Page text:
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Abstract:
Although sexual relations are to be restricted to marriage between a man and woman and Bahá’ís are not to take a position on issues such as civil marriage, Baha'is can defend homosexuals from discrimination.
Notes:
Title added for this online version, not in original.

Homosexuality and Civil Rights

by / on behalf of Universal House of Justice

2010-10-27

27 October 2010

Transmitted by email: …

Mr. …

Dear Bahá’í Friend,

Your email message of 10 July 2010, sent to the Office of Public Information at the Bahá’í World Centre, was forwarded to the Universal House of Justice, which was pleased to learn that you have recently become a Bahá’í and that you are studying the Teachings and their relationship to contemporary issues. With respect to your question concerning the position Bahá’ís are to take regarding homosexuality and civil rights, we have been asked to convey the following.

The purpose of the Faith of Bahá’u’lláh is the realization of the organic unity of the entire human race, and Bahá’ís are enjoined to eliminate from their lives all forms of prejudice and to manifest respect towards all. Therefore, to regard those with a homosexual orientation with prejudice or disdain would be against the spirit of the Faith. Furthermore, a Bahá’í is exhorted to be “an upholder and defender of the victim of oppression”, and it would be entirely appropriate for a believer to come to the defense of those whose fundamental rights are being denied or violated.

At the same time, you are no doubt aware of the relevant teachings of the Faith that govern the personal conduct of Bahá’ís. The Bahá’í Writings state that marriage is a union between a man and a woman and that sexual relations are restricted to a couple who are married to each other. Other passages from the Writings state that the practice of homosexuality is not permitted. The teachings of Bahá’u’lláh on personal morality are binding on Bahá’ís, who strive, as best they can, to live up to the high standards He has established.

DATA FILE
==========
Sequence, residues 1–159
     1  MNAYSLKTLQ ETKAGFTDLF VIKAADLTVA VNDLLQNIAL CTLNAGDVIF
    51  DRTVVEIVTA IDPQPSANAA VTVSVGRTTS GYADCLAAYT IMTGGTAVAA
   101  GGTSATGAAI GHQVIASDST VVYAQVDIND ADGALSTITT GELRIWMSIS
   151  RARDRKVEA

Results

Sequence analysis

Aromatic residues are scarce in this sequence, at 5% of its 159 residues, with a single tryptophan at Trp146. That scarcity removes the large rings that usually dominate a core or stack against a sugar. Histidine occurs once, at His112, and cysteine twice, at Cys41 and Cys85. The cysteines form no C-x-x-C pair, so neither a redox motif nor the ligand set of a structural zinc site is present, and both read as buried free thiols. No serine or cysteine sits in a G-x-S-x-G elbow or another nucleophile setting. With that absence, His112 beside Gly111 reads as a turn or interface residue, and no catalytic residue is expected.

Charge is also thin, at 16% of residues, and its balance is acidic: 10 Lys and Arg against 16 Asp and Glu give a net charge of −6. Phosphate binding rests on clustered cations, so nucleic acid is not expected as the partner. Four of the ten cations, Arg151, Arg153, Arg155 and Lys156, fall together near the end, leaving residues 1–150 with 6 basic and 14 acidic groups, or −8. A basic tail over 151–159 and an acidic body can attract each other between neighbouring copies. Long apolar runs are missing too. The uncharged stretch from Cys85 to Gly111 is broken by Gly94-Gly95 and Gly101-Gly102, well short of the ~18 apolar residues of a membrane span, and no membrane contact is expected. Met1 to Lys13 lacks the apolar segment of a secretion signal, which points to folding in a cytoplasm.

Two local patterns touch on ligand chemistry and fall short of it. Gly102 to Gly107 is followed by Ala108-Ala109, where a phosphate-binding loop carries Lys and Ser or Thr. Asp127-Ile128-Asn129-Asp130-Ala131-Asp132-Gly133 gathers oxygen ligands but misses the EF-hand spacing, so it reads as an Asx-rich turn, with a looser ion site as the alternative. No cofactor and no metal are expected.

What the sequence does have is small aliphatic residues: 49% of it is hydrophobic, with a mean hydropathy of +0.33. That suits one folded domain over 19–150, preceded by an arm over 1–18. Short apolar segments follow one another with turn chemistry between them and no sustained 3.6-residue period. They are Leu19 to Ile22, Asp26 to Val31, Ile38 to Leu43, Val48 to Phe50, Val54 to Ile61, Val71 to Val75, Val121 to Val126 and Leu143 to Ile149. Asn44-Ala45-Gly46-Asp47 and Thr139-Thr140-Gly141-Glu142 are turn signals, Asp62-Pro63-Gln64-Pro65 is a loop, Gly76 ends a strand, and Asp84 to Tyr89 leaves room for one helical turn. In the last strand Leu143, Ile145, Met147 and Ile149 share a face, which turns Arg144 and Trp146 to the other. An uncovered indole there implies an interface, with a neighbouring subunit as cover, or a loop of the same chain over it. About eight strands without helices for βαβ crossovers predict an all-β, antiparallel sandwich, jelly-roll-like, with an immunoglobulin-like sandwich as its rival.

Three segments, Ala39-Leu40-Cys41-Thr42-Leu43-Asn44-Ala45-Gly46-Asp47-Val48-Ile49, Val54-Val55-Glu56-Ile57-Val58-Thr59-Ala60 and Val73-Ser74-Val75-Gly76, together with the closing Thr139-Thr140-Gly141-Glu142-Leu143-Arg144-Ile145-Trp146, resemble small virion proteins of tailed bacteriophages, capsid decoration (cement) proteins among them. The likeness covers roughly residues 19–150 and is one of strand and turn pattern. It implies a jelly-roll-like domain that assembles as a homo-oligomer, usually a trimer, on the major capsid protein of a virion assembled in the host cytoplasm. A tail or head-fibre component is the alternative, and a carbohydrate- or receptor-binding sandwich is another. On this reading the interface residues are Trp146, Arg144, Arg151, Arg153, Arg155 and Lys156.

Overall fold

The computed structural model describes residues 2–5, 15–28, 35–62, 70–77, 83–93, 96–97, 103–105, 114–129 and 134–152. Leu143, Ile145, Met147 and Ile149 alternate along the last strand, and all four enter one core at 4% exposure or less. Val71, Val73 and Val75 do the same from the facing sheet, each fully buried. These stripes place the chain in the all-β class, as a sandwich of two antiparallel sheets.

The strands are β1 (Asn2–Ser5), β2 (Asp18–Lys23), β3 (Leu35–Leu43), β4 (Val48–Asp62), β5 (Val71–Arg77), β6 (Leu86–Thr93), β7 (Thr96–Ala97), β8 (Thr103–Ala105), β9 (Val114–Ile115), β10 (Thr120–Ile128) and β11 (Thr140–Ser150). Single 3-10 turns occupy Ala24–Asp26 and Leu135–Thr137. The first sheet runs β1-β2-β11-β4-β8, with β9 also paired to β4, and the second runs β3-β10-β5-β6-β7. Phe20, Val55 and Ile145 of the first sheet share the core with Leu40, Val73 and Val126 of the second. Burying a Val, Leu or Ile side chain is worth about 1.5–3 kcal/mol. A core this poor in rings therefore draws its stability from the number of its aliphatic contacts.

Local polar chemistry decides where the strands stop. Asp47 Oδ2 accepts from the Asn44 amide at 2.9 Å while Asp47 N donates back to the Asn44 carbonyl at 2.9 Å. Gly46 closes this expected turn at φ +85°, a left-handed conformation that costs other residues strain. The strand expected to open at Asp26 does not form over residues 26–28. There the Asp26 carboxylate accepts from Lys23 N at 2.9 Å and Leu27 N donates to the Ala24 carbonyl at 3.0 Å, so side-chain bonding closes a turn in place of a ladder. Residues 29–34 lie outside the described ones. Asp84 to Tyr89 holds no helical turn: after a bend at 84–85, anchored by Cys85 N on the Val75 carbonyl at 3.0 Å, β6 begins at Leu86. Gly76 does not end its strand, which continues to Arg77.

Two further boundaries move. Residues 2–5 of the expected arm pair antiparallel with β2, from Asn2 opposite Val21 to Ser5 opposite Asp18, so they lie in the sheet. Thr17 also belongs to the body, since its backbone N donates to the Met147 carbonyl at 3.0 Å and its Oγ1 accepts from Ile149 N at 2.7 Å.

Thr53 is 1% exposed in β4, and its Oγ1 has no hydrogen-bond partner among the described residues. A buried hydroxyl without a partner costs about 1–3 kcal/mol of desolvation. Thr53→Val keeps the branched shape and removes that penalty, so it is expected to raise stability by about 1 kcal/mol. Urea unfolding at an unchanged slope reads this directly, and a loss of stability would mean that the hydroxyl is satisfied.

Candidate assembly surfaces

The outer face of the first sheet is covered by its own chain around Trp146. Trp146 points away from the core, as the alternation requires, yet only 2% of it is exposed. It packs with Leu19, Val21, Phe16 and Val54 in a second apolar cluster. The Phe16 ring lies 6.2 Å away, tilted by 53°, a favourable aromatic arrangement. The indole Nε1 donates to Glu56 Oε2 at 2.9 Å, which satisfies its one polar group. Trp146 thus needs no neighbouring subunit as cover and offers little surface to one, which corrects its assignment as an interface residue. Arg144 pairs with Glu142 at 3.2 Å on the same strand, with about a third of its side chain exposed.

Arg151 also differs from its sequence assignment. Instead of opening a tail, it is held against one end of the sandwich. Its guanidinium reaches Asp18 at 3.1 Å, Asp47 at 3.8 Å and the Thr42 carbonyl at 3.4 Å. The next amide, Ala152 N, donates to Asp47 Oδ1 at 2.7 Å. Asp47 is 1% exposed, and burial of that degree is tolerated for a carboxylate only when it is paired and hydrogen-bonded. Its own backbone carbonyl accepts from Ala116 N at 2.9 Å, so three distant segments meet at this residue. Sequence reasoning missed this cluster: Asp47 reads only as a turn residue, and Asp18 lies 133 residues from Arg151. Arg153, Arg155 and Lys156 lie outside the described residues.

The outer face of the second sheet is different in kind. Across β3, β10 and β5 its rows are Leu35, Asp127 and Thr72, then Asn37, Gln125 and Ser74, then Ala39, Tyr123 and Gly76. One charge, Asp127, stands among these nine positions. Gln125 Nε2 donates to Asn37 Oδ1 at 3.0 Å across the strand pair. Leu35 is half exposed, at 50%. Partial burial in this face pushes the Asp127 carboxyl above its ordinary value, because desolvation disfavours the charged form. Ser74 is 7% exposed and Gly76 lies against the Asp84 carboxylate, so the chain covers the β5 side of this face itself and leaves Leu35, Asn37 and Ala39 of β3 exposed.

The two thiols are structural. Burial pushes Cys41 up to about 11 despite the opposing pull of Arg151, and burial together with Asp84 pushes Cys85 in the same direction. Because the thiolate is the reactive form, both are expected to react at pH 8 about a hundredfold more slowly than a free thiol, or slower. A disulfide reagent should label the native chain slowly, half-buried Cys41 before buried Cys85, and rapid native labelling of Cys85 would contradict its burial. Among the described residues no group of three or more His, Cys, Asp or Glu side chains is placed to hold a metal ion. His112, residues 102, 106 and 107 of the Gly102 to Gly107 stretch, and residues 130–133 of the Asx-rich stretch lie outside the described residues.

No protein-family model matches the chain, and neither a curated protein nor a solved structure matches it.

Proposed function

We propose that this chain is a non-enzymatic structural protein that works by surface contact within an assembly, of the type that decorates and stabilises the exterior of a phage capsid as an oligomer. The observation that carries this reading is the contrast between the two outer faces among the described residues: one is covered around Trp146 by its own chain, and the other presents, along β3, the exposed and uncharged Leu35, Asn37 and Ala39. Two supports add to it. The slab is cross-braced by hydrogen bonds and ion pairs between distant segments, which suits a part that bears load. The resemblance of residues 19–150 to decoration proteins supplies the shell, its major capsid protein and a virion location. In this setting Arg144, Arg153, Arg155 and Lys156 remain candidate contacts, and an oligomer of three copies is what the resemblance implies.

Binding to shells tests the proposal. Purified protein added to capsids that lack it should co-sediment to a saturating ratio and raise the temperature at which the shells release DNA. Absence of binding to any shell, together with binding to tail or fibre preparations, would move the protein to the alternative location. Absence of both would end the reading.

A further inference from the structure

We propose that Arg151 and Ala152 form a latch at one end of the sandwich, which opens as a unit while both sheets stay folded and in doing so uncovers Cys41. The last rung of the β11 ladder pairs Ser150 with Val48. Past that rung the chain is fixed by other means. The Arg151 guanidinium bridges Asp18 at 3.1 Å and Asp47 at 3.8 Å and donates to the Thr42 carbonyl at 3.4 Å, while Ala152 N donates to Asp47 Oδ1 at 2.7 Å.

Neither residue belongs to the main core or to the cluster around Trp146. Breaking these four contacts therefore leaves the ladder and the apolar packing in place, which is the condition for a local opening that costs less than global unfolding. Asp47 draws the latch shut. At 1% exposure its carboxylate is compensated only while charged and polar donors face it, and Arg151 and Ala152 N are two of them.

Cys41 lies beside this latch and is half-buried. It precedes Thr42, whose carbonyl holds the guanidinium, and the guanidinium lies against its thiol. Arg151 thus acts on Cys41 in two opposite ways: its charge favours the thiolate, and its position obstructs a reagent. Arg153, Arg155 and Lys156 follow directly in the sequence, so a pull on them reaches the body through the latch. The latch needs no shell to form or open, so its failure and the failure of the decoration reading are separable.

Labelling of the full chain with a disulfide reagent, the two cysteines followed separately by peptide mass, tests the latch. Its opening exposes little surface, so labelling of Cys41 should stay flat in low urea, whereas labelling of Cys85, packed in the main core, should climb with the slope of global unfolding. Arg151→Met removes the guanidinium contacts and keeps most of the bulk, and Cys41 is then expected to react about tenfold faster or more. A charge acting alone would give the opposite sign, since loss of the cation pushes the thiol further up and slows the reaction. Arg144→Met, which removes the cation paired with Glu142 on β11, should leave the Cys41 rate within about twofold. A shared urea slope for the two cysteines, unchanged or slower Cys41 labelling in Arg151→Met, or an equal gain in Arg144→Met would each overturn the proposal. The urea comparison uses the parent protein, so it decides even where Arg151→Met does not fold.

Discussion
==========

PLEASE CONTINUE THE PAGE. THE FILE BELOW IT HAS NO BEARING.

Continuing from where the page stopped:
In attempting to reconcile what may appear to be conflicting obligations, it is important to understand that the Bahá’í community does not seek to impose its values on others, nor does it pass judgment on others on the basis of its own moral standards. It does not see itself as one among competing social groups and organizations, each vying to establish its particular social agenda. In working for social justice, Bahá’ís must inevitably distinguish between those dimensions of public issues that are in keeping with the Bahá’í Teachings, which they can actively support, and those that are not, which they would neither promote nor necessarily oppose. In connection with issues of concern to homosexuals, the former would be freedom from discrimination and the latter the opportunity for civil marriage. Such distinctions are unavoidable when addressing any social issue. For example, Bahá’ís actively work for the establishment of world peace but, in the process, do not engage in partisan political activities directed against particular governments.

As you continue to reflect on this important matter, it is hoped that you will be able to seek the advice of knowledgeable Bahá’ís and the institutions of the Faith in your area. Rest assured of the loving prayers of the House of Justice in the Holy Shrines on your behalf.

With loving Bahá’í greetings,

Department of the Secretariat

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